How to File for Legal Guardianship in New Jersey

By Joseph Nicholson
Parents, legal guardianship, developmentally disabled children, who

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The legal guardianship process in New Jersey is most frequently used to give a parent or other family member the authority to act on behalf of someone with developmental disabilities who has reached the age of maturity. Legally, this person would be an adult and the parent would have no rights over them. It is possible, however, to file for legal guardianship in New Jersey and continue to provide for the interests of the individual.

Fill out a verified complaint. Form A of the Legal Guardianship kit (kit 10558) is the verified complaint that gives the court an overview of the situation. The complaint is a formal allegation that the individual in question is unable to govern himself and to manage his affairs.

See that a physician or psychologist examination is conducted. No more than 30 days prior to filing the verified complaint, a physician or psychologist must examine the individual and certify the allegation in the complaint. The professional who conducts the examination must complete Form B or C of kit 10558.

Obtain DDD certification. If the individual over whom you are seeking guardianship is receiving benefits from the New Jersey Division of Developmental Disabilities (DDD), you must contact the regional office and obtain an official form certifying them as a client. Contact your county Surrogate for information on how to contact your nearest DDD regional office.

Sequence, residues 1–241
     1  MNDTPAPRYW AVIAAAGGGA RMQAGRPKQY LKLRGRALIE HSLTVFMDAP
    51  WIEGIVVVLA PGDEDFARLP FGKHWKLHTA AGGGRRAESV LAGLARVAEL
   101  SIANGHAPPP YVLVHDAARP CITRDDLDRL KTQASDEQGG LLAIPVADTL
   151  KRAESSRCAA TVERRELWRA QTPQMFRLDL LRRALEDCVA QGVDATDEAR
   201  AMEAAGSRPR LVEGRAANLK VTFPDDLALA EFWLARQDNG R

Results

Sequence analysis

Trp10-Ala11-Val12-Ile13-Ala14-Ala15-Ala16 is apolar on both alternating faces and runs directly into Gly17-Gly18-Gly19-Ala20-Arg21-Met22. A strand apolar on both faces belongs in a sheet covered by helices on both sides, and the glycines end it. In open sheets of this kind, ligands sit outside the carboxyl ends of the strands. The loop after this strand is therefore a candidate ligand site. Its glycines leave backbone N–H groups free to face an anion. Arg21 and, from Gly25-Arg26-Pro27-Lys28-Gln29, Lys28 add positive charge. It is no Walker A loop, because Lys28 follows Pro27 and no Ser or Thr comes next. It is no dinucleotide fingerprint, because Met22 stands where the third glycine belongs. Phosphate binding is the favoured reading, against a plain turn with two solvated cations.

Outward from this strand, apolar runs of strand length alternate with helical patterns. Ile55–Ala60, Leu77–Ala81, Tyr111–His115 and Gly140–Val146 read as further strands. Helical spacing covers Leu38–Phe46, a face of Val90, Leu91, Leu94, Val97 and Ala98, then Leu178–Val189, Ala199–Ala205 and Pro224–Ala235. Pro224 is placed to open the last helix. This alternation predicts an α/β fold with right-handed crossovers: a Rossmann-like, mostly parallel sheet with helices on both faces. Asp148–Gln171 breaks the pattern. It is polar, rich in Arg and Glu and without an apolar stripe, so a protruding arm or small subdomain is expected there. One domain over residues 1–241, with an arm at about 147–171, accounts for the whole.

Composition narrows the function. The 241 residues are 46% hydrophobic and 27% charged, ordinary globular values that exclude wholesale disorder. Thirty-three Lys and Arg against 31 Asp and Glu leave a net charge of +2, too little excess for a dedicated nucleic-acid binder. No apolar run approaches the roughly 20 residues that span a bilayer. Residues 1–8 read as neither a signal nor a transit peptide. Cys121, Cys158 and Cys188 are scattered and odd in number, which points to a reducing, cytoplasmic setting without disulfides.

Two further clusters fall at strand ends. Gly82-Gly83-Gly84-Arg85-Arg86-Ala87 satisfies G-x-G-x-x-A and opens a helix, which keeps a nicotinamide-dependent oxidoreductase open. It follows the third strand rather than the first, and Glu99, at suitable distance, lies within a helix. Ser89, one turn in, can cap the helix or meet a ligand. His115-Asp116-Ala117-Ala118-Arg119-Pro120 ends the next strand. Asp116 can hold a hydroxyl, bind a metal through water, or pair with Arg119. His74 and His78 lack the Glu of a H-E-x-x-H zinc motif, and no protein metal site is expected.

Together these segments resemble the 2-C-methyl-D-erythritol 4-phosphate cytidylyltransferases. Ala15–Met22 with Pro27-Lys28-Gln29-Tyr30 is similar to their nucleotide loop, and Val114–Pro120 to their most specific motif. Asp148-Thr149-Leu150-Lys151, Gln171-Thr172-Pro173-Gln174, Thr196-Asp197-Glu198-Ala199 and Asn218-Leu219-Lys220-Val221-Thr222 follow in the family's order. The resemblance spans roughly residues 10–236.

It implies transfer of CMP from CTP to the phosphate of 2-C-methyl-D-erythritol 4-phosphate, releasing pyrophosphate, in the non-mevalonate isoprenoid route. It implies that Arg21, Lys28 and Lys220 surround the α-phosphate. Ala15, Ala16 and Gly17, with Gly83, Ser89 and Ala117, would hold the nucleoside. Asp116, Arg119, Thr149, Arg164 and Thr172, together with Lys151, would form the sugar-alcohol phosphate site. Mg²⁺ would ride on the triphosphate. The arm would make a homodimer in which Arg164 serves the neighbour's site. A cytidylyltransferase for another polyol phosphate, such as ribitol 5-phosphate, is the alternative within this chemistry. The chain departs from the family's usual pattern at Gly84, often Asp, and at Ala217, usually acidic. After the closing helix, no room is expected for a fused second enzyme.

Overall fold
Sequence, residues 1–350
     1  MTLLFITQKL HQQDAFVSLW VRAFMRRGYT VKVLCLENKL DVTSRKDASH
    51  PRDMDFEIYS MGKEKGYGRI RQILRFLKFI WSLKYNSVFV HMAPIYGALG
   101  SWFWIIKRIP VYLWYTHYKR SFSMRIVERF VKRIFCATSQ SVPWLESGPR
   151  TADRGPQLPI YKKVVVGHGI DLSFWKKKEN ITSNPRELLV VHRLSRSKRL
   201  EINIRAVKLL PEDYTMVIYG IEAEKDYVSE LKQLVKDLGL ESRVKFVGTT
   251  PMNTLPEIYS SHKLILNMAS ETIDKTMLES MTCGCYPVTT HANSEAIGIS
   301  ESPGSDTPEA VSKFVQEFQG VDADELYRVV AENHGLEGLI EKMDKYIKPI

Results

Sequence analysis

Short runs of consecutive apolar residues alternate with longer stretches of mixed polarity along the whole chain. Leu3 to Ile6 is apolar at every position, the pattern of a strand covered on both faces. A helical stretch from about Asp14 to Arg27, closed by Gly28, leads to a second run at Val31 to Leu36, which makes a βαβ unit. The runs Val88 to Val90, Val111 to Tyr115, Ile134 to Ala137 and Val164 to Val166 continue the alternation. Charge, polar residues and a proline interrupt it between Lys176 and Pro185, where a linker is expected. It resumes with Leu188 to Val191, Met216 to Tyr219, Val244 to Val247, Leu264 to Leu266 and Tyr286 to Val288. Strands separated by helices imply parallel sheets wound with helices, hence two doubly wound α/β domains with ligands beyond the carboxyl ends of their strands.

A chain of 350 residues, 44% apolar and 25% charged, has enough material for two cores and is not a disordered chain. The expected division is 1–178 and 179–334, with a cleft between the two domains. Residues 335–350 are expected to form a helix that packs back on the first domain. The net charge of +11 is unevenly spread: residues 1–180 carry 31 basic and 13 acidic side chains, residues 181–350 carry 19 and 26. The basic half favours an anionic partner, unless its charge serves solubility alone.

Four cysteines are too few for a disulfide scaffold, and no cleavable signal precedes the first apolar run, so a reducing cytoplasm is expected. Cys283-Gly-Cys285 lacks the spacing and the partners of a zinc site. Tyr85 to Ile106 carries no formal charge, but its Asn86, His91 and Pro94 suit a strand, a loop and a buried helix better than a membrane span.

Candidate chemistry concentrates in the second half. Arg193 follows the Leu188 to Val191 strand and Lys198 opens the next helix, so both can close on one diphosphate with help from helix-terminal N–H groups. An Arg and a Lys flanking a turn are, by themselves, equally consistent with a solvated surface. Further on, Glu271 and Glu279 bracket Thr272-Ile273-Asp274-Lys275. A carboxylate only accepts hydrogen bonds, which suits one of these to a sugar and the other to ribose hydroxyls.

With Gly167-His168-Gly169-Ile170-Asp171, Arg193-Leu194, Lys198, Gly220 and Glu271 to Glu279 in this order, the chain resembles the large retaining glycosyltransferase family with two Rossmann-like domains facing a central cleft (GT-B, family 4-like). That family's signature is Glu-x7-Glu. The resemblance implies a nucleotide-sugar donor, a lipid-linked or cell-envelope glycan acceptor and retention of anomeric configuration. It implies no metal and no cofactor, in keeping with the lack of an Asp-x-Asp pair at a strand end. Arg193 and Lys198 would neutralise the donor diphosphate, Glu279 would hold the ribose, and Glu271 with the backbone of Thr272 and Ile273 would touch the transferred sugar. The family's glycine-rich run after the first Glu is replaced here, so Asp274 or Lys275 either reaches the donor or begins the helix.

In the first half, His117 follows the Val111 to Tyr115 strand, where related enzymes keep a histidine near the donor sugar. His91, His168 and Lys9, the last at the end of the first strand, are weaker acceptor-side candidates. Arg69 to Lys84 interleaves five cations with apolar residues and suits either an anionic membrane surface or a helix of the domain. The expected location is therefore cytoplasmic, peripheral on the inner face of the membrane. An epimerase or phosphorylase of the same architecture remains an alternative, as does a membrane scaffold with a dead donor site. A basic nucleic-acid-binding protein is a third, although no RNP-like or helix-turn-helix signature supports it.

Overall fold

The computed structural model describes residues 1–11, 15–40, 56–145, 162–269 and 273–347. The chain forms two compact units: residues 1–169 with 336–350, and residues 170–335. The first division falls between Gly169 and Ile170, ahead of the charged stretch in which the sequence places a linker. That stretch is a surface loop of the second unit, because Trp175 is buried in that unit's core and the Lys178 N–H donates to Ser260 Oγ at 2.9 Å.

Complete Forms D and E. Form D of kit 10558 is a request for a court hearing, and Form E is the actual judgment appointing guardianship. Complete these forms except for the lines to be filled in by the court, such as the date and time of the hearing. Review the instructions to kit 10558 for more details.

Make copies and file. Make at least three copies of all the forms described in Steps 1 through 4. File the originals at the Superior Court of New Jersey for your county, in the Probate Part of the Chancery Division. A filing fee of $200, payable by check or money order, is due at the time of filing.

About the Author

Joseph Nicholson is an independent analyst whose publishing achievements include a cover feature for "Futures Magazine" and a recurring column in the monthly newsletter of a private mint. He received a Bachelor of Arts in English from the University of Florida and is currently attending law school in San Francisco.

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